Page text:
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Different ways to dance Salsa

While many can agree that Salsa dancing is fun, what most are divided on is how exactly to dance it. From LA Style, Cuban Style, Rueda and New York ‘on2,’ there are a variety of options. Thankfully, there are so many passionate people who dance Salsa in it’s various forms that every style is represented well. As a newcomer, you might be wondering which way to learn considering your different options. The following can help you navigate through the wonderful world of Salsa dancing and get you moving!

LA Style Salsa

The LA has a distinct and flashy look about it and is know around the world for it’s flashiness. Many legendary LA Salsa dancers made a name at congresses around the world by their sheer sass and flamboyance. Due to the advent of the Salsa Congresses around the world, LA style grew to become more technical. Certain movements were adopted and adapted from the exposure to the New York ‘on2’ style while maintaining the LA flashiness. IN Los Angeles, the traditional way to dance is on the ‘1.’ What this means is the basic steps accentuate the first measure of the 8 count of the music and is traditionally easier to dance than other Salsa timings.

Cuban Style Salsa

In the Cuban Style of dancing, there is a similar counting method to that of the LA style. Although not as refined and less technical. You’ll often see Cuban Style dancers dancing on the ‘downbeats’ of the music which usually mean the odd beats (1,3,5,7). Also, a distinct difference from the slot based nature of the US styles is that Cuban style is mostly danced in a circle. Furthermore, you’ll note some distinct nods to the Afro-Cuban¬†history of Salsa with more authentic Cuban dancers.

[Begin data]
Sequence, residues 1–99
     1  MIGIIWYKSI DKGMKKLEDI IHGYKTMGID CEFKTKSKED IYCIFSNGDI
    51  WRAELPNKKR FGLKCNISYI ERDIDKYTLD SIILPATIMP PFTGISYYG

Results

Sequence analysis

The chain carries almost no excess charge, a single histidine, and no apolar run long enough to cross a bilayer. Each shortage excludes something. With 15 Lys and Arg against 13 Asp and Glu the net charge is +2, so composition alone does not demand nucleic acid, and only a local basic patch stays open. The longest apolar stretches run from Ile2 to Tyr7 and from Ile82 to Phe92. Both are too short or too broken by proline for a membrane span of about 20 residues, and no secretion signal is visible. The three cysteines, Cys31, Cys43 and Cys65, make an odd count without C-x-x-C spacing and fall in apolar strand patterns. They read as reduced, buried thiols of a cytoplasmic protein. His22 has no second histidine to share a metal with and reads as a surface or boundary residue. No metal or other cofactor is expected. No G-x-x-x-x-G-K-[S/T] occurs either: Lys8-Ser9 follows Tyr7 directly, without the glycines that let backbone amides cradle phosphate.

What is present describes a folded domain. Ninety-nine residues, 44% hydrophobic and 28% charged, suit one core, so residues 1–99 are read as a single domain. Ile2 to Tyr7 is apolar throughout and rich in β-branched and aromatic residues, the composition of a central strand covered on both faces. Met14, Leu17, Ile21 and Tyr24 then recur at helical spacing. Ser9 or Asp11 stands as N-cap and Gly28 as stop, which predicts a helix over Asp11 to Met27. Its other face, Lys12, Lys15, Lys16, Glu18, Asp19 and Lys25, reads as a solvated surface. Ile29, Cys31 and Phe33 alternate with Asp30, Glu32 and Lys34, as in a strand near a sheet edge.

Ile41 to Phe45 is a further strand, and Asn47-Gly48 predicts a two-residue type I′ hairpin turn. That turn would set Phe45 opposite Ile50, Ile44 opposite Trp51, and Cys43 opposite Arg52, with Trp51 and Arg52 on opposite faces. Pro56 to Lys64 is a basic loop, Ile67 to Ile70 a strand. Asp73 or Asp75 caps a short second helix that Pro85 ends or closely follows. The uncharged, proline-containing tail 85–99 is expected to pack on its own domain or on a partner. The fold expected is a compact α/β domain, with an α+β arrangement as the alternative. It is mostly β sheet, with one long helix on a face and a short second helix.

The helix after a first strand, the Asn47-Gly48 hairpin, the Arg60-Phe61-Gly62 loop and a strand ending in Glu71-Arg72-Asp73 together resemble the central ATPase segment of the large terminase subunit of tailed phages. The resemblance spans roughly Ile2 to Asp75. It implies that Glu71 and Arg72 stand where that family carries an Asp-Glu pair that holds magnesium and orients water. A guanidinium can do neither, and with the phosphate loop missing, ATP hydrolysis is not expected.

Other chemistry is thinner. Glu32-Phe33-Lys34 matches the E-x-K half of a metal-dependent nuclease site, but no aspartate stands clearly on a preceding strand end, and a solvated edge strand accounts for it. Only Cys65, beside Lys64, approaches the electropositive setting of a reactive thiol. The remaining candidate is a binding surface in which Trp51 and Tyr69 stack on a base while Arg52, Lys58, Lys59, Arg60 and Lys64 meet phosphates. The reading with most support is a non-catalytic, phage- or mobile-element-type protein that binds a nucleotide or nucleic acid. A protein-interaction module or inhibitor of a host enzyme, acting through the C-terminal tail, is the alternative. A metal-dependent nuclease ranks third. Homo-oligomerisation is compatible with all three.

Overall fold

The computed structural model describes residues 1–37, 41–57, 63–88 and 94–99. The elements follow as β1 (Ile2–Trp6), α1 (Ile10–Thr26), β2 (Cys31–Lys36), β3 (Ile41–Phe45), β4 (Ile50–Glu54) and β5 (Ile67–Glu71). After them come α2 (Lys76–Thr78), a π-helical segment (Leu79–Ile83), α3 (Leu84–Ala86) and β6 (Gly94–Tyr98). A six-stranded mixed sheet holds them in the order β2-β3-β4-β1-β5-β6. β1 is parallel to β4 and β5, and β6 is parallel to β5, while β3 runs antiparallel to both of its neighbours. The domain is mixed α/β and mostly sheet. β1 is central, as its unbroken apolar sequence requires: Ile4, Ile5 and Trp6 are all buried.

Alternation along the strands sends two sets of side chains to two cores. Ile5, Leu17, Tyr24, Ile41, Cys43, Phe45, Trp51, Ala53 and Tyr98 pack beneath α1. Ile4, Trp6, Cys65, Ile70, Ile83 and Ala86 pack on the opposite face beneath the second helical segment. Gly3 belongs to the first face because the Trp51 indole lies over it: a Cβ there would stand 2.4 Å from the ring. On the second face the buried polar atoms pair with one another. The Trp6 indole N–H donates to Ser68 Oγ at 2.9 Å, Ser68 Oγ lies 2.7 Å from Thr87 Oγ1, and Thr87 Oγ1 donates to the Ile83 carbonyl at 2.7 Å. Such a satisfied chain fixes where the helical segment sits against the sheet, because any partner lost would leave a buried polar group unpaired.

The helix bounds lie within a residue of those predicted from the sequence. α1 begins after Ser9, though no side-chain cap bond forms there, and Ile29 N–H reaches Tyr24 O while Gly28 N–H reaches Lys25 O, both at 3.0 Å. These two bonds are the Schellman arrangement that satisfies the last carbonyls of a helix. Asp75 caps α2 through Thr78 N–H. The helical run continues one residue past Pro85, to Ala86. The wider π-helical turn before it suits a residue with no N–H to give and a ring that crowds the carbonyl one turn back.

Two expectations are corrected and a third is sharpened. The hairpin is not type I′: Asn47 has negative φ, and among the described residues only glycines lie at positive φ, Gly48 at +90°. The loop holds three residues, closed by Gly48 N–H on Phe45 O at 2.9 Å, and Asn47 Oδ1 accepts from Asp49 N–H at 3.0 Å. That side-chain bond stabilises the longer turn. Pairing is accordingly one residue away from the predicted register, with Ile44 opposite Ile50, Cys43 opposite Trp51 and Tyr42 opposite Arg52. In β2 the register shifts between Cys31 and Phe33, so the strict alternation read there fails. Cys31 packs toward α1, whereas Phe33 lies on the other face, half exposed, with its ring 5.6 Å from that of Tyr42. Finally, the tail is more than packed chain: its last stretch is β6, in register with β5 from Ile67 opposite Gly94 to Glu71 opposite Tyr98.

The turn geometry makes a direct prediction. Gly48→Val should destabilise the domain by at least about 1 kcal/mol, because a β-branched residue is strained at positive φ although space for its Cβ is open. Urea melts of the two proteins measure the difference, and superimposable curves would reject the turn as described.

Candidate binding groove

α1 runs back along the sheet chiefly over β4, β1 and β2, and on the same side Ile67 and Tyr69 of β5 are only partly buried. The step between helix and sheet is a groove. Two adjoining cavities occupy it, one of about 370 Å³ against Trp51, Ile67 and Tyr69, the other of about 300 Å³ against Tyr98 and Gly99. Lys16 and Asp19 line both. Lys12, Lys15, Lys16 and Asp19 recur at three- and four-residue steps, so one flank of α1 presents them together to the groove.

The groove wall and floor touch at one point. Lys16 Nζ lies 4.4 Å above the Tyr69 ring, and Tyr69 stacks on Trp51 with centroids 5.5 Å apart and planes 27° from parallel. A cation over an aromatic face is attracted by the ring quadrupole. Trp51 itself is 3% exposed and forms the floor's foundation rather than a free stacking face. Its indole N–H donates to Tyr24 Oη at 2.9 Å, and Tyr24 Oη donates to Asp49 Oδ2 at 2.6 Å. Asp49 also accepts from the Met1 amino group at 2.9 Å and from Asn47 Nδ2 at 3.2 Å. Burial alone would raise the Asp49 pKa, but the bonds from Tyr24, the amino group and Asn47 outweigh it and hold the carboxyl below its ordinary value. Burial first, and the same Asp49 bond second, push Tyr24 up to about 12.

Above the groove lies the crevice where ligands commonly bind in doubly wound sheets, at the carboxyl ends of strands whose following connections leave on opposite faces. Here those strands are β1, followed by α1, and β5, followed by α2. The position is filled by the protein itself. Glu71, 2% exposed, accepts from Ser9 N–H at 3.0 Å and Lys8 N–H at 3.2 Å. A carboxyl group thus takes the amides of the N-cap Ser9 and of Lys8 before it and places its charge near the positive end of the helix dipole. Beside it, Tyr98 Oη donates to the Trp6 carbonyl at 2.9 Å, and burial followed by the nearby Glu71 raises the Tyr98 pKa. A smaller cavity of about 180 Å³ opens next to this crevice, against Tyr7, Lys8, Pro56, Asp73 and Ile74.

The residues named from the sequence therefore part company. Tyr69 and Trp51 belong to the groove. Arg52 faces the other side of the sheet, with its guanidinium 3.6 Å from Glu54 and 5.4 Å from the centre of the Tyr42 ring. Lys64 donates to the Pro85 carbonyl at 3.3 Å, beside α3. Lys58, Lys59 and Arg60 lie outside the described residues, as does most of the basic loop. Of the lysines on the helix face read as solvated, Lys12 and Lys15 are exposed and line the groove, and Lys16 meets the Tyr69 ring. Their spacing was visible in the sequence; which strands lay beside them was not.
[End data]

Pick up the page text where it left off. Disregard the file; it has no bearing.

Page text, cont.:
Rueda Style Salsa

The Rueda, or Casino style, is celebrated for it uniqueness. Whereas the other styles are still focused on the partnership between a lead and a follow, The Rueda is different. The Casino style of dance is more of a community type feeling with a circle of leads and follows dancing in unison. There is one leader who shouts out calls or gives general hand signals. These cues tell the participating dancers what to do next as well as what to expect. While it may get a little repetitious, there is fun to be had in a large group moving in unison. Furthermore, a well practice Rueda group can make their Salsa dancing look highly impressive.

New York Style Salsa

The New York style of Salsa is also affectionately known as ‘Salsa on2.’ Whereas there is a Ballroom/Palladium style of dancing on2, it is not actively danced in a social setting. The NY Style is defined by a combination of intricate handwork and spins. There is also a smoother and relaxed feel to the style due to the way the basic step is structured. Dancing ¬†Salsa ‘on2’ has been gaining popularity and is now commonly danced across the world by social dancers, teachers and performers.

The combination of of the New York and LA style of Salsa are the most prominent styles socially danced in North America. They differ in the way the basic steps are designed as well as the way the dancers accent the music. An ability to dance both of these different timings will allow you to dance with almost anyone in the US and abroad. Furthermore, an exploration of other social methods of dancing Salsa can round out your experience and give you a fully fleshed-out understanding as you learn to dance Salsa.